Hong Kong Human Rights Monitor

World's first Chinese Treaties Database Launched

Modern communication technology makes almost all important knowledge available to the public on the Internet. The same is true for human rights source documents and educational materials. There are many Internet sites in English and other languages holding international human rights treaties. However, for many years, there was not a single site which held international human rights treaties in the Chinese language. The only Chinese language material which could be found in the United Nations (UN) sites was the Universal Declaration on Human Rights. But even that Universal Declaration was only available in graphic form.

To commemorate the 50th Anniversary of the Universal Declaration of Human Rights, Human Rights Monitor launched the world's first Chinese Language Human Rights Treaties Database. This database bridges the gap by providing Internet access to various United Nations Human Rights Treaties in complex Chinese characters.

At present Human Rights Monitor has approximately 90 treaties in its present database. The development of this database represents a contribution of Human Rights Monitor to the local community and also incidentally to the world. The database will hold a diverse range of treaties.

There are people who are still unaware of their own rights, and it is essential for them to better understand what rights they are entitled to. Hong Kong people could of course start with the six main international treaties that apply to Hong Kong. These treaties include the International Covenant on Economic, Social and Cultural Rights, International Covenant on Civil and Political Rights, International Convention on the Elimination of All Forms of Racial Discrimination, Convention on the Elimination of All Forms of Discrimination Against Women, Convention on the Rights of the Child and the Convention against Torture and Other Cruel, Inhuman or Degrading Treatment or Punishment. Since all the treaties are available in the Chinese language, it makes it easier for the people to comprehend them.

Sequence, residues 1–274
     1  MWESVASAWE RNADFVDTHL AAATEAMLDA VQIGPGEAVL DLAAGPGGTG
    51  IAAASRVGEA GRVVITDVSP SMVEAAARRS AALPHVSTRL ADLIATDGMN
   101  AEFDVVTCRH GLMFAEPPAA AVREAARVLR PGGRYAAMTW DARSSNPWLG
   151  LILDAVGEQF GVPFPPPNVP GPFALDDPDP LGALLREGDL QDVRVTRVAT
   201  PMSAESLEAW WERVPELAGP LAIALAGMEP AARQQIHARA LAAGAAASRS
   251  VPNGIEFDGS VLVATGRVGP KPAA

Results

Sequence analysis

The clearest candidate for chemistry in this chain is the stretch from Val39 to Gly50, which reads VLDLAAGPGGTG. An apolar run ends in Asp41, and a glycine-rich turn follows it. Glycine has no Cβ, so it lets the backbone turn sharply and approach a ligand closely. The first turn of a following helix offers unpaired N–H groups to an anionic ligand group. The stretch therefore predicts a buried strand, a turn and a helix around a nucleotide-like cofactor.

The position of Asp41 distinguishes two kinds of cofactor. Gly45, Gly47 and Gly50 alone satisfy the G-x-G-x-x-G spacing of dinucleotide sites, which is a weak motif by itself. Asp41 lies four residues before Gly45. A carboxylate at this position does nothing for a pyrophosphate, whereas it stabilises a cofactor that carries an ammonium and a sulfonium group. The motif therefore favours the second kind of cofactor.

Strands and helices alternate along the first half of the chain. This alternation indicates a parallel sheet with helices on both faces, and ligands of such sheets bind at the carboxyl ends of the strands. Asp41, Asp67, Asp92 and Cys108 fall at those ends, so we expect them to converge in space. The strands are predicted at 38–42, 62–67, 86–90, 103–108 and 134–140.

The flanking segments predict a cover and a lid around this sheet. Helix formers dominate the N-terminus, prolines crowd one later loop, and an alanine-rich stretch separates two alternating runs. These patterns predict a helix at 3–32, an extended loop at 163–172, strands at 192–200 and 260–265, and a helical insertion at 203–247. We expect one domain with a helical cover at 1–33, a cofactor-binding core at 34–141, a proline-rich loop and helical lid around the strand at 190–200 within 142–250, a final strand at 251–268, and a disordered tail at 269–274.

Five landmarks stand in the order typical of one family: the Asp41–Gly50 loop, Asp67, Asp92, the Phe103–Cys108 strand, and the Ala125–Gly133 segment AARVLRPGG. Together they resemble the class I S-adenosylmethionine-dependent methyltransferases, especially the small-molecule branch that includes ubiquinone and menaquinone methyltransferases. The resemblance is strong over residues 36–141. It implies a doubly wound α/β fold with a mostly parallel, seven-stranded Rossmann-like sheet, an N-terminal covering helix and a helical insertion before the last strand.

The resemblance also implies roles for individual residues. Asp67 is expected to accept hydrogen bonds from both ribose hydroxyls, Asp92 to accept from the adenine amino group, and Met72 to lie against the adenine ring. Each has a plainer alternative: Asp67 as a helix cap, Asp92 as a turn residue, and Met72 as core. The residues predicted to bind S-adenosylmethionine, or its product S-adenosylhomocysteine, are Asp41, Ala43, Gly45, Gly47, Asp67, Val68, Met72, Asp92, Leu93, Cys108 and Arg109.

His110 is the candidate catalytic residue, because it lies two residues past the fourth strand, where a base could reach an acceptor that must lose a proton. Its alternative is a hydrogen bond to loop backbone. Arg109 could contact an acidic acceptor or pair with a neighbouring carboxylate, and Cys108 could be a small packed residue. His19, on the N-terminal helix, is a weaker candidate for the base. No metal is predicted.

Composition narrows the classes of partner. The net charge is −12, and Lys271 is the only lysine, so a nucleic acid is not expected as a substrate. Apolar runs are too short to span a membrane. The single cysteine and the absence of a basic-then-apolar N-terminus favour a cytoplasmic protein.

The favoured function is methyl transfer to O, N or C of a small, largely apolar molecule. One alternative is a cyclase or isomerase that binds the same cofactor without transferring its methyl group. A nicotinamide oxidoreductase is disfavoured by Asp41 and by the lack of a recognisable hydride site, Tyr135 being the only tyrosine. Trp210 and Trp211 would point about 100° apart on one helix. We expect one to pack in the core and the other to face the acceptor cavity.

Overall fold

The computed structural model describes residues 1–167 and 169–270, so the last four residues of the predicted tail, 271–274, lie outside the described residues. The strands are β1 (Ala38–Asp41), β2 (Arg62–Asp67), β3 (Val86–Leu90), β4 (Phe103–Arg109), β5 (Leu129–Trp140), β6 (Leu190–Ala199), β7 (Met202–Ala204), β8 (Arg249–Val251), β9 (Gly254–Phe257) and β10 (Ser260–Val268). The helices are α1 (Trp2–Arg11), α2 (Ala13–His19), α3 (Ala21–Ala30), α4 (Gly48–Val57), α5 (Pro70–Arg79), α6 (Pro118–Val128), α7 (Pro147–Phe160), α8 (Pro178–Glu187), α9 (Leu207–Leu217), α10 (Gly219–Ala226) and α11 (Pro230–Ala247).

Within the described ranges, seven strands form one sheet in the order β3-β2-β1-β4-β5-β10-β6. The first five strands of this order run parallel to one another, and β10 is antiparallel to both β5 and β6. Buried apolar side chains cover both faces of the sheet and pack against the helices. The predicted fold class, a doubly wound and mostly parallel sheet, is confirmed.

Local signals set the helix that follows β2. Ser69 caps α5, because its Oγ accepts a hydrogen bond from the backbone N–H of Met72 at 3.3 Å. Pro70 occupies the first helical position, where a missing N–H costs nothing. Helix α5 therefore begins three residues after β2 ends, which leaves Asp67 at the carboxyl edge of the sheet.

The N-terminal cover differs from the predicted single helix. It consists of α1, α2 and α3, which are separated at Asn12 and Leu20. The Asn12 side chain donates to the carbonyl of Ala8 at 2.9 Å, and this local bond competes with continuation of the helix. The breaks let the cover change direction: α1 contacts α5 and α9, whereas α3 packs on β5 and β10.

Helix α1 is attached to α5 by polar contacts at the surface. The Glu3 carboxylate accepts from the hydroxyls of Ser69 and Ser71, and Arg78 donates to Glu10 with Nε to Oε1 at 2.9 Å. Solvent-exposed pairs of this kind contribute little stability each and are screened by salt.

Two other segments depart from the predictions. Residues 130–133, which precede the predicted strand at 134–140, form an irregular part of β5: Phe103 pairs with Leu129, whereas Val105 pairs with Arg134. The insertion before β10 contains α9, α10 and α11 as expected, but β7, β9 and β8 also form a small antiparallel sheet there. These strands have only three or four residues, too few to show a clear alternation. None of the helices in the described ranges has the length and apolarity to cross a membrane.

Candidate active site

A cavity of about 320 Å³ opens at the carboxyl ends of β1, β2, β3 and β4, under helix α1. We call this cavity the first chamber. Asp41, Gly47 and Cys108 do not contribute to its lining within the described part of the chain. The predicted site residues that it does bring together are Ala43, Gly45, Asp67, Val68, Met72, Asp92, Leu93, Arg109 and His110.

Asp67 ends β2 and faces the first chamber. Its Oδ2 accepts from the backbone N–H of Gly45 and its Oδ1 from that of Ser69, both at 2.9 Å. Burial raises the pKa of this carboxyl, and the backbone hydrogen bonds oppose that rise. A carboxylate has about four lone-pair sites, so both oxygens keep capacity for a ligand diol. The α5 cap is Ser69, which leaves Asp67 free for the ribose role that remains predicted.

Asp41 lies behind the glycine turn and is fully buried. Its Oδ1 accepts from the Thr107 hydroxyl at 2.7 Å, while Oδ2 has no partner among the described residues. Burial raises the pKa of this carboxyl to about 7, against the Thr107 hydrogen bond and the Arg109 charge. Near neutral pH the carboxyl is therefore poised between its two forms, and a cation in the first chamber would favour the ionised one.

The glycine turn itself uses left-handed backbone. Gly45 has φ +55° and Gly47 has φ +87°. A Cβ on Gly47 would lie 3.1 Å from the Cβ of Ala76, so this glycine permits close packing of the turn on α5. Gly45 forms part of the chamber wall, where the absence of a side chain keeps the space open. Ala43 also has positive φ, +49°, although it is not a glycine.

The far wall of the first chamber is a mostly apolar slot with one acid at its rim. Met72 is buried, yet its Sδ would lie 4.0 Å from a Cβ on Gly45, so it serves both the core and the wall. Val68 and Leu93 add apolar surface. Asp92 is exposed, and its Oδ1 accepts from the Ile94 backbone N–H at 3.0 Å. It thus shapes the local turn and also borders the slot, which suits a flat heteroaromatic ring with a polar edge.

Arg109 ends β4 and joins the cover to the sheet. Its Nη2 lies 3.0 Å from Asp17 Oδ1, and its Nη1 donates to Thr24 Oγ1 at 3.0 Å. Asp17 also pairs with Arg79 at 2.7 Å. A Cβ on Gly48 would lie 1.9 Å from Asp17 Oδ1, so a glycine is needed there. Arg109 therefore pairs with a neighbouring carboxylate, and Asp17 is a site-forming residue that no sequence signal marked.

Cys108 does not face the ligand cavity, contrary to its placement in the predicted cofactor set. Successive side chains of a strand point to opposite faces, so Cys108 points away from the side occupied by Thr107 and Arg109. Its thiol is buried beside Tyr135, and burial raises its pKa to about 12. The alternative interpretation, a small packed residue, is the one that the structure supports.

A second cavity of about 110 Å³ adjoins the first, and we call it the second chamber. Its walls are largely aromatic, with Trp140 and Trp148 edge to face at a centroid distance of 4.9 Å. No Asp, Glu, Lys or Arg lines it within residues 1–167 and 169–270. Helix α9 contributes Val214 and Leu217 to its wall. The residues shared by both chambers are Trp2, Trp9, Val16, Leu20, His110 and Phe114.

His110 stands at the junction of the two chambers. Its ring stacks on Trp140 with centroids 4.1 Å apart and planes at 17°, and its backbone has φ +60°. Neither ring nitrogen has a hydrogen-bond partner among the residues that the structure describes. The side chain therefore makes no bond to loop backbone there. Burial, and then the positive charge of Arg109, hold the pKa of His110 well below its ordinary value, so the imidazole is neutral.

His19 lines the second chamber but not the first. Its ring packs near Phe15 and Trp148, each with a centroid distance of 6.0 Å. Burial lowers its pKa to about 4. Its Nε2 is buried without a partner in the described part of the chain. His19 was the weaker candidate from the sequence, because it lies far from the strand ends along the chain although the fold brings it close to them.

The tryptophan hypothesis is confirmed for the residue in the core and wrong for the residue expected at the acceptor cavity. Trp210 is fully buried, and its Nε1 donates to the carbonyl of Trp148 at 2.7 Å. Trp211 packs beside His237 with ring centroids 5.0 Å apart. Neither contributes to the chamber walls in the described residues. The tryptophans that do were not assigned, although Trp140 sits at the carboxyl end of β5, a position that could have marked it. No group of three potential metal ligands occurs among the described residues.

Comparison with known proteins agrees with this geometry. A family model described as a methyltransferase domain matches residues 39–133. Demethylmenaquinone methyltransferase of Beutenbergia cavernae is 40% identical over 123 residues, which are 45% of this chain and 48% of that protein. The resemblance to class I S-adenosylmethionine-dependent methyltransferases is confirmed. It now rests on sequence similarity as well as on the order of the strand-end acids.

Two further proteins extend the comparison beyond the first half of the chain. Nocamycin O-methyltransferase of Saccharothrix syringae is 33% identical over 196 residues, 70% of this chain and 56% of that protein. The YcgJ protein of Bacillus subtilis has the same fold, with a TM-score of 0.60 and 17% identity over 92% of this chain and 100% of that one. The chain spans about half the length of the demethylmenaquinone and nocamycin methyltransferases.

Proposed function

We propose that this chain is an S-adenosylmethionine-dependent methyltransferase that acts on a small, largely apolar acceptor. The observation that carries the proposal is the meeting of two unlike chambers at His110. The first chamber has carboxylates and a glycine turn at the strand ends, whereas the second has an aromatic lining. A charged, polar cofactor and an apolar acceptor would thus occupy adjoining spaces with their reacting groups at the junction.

Apart from the above treaties, for those who are more interested to go in-depth into certain specific rights, our database also includes a wide range of treaties spanning from those instruments dealing with various forms of discrimination, those dealing with the rights of the child, employment, freedom of association, marriage, family and youth, humanitarian law, etc. All these specific rights are covered by individual treaties or conventions and could also be located in the database.

In the future, subject to the availability of funding or generous donations, Human Rights Monitor hopes to expand its database to the benefit of the community. The text of the international treaties will be linked to the related Hong Kong laws to enable an easy cross-reference. This enables a user who wants to know how a certain human right enshrined in an international treaty is being implemented in major Hong Kong laws will be able to do so by a few key strokes. Hong Kong people will be better informed of their legal rights with the assistance of the database.

The launching ceremony which was held on the 10th of December at City Hall revealed the fruits of the labour put in by not only the staff of Human Rights Monitor but also by hard-working volunteers. The ceremony was officiated by well-known figures in Hong Kong, including Chairperson of JUSTICE, Gladys Li, Director of Human Rights Commission, Ho Hei Wah, Secretary for Justice, Elsie Leung, Chairperson of Journalists Association, Liu Kin Ming, Honourary Secretary of Hong Kong Bar Association, Susan Kwan, Chairperson of Amnesty International Hong Kong Section, Alan Abrahams, and Chairperson of Hong Kong Human Rights Monitor, Stephen Ng. Elsie Leung, Ho Hei Wah and Stephen Ng all delivered speeches. The Secretary for Justice Elsie Leung described the launch as a "quantum leap and should be praised by all".

Other distinguished guests included Chairperson of the Equal Opportunities Commission, Fanny Cheung, the Privacy Commissioner, Stephen Lau, the Director of Legal Aid Department, Chan Shu-ying, and Legislative Councillors, Martin Lee, James To and Andrew Wong.

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